Long-Term
 
Borrowings under Credit Facility
 
$
-
   
$
15,836
   
$
-
   
$
3,002
 
Revenue equipment installment notes with finance companies; weighted average interest rate of 3.4% and 3.6% at September 30, 2016 and December 31, 2015, respectively, due in monthly installments with final maturities at various dates ranging from October 2016 to January 2022, secured by related revenue equipment
   
28,605
     
133,462
     
38,461
     
163,387
 
Real estate notes; weighted average interest rate of 2.3% and 2.5% at September 30, 2016 and December 31, 2015, respectively due in monthly installments with fixed maturities at December 2018 and August 2035, secured by related real estate
   
1,214
     
29,217
     
1,184
     
30,124
 
Deferred loan costs
   
(264
)
   
(327
)
   
(250
)
   
(456
)
Total debt
   
29,555
     
178,188
     
39,395
     
196,057
 
Principal portion of capital lease obligations, secured by related revenue equipment
 
$
1,736
   
$
13,693
   
$
4,031
   
$
10,547
 
Total debt and capital lease obligations
 
$
31,291
   
$
191,881
   
$
43,426
   
$
206,604
 

We and substantially all of our subsidiaries (collectively, the "Borrowers") are parties to a Third Amended and Restated Credit Facility (the "Credit Facility") with Bank of America, N.A., as agent (the "Agent") and JPMorgan Chase Bank, N.A. ("JPM," and together with the Agent, the "Lenders").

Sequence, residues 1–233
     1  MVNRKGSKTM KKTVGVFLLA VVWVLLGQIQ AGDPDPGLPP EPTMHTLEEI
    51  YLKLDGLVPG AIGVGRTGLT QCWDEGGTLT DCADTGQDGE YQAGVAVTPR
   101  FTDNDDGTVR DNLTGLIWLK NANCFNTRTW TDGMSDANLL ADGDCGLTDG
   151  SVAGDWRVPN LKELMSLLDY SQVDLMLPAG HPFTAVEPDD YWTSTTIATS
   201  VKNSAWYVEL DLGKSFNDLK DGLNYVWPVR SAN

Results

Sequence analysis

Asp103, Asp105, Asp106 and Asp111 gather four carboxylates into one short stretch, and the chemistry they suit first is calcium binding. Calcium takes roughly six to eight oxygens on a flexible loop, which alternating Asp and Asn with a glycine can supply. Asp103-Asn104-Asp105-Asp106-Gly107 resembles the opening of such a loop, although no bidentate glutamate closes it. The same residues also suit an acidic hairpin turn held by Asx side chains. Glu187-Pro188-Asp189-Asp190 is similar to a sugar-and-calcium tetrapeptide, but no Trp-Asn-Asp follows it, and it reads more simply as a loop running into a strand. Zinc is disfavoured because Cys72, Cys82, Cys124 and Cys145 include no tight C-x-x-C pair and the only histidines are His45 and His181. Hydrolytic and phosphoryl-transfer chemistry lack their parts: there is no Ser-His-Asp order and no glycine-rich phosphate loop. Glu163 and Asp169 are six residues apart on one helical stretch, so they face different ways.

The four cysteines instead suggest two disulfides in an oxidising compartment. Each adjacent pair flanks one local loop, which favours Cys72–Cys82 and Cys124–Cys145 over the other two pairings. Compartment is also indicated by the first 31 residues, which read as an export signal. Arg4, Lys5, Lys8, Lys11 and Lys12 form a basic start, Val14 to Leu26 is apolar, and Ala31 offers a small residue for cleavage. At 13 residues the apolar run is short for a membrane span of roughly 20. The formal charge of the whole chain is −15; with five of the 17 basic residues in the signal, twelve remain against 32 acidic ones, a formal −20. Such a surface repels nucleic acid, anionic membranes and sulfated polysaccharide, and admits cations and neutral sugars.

The Credit Facility is a $95.0 million revolving credit facility, with an uncommitted accordion feature that, so long as no event of default exists, allows us to request an increase in the revolving credit facility of up to $50.0 million subject to lender acceptance of the additional funding commitment.  The Credit Facility included, within our $95.0 million revolving credit facility, a letter of credit sub facility in an aggregate amount of $95.0 million and a swing line sub facility in an aggregate amount equal to the greater of $10.0 million or 10% of the Lenders' aggregate commitments under the Credit Facility from time-to-time.